Do I pick the camp looking guy or the chewing-a-wasp faced battle-axe of a woman? The guy looks kinder but he's further away? No one said it would be easy.
I risk the angry lady and opt for the sympathy card.
"Hi - I'm so sorry I'm late, have I missed my flight to Zurich?"
"Oh - no, really -I'm desperate to get out there, I've really been messed around by some incompetence today!" (technically my own, but no need for details at this point)
"No. Unless you've already checked-in."
"Ah - no, that's what I was trying to do here"
At this point, she actually sniggered.
She asks for my details and here I learn another valuable lesson: Don't store your foreign currency inside your passport. She looked at it as if it were a bribe and passed it back to me almost smiling at her camera as if to say that she wasn't going to get persuaded like that.
She sighs again - picks up the phone and dials deliberately slowly... and this is how it went (word for word - her side only):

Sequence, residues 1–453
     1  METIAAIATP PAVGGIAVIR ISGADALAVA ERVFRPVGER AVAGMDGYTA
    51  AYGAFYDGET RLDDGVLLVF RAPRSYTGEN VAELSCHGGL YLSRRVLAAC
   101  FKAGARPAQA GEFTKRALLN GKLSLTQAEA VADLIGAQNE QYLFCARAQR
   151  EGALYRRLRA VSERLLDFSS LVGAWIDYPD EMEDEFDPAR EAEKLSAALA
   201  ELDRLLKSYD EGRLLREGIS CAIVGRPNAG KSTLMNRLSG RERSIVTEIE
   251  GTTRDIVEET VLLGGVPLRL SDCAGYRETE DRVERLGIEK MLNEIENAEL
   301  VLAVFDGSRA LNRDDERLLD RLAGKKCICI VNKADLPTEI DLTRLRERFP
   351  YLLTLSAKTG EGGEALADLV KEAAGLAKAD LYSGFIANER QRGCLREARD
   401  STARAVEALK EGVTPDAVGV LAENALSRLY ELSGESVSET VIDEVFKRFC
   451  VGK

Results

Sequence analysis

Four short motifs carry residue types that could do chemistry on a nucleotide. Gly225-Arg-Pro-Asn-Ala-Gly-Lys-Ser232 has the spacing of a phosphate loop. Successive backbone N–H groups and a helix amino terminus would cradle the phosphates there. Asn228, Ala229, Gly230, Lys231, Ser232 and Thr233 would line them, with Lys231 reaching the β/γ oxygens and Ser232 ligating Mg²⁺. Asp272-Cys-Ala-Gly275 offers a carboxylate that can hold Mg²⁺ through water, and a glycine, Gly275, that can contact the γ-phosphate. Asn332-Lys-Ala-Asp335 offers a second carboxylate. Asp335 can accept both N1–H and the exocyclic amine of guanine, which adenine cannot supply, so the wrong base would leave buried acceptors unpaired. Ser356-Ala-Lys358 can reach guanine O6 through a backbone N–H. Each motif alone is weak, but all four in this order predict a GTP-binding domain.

"Hi, got one here that wants on for the Zurich flight -
… uh hu
… Really? [the incredulity in her voice was as audible as it was croaky]
… He's got baggage to put on.
… Are you sure? [snidey look at me]
… Really, at this time?
… but at this time?
… sigh. Ok - I suppose so"
Now - I'm no genius - but I don't think she wanted me on that flight.
"You'd best run, it's the gate furthest from here" were her parting words to me, in what proved to be the understatement of my day so far.
Running though Heathrow I had "Chariots of Fire" playing in my mind. It's a long song, so I had to put it on repeat. Gate 33 is closer to Gatwick airport that Heathrow.
I finally made it. 5:52!
I thanked the staff for allowing me on - "No worries" the lady said "I'm still looking for another 31 passengers!"
I wanted to tell her they were probably still hunting for Purple Parking, but decided to relax for the first time in the morning and waited for the flight to board.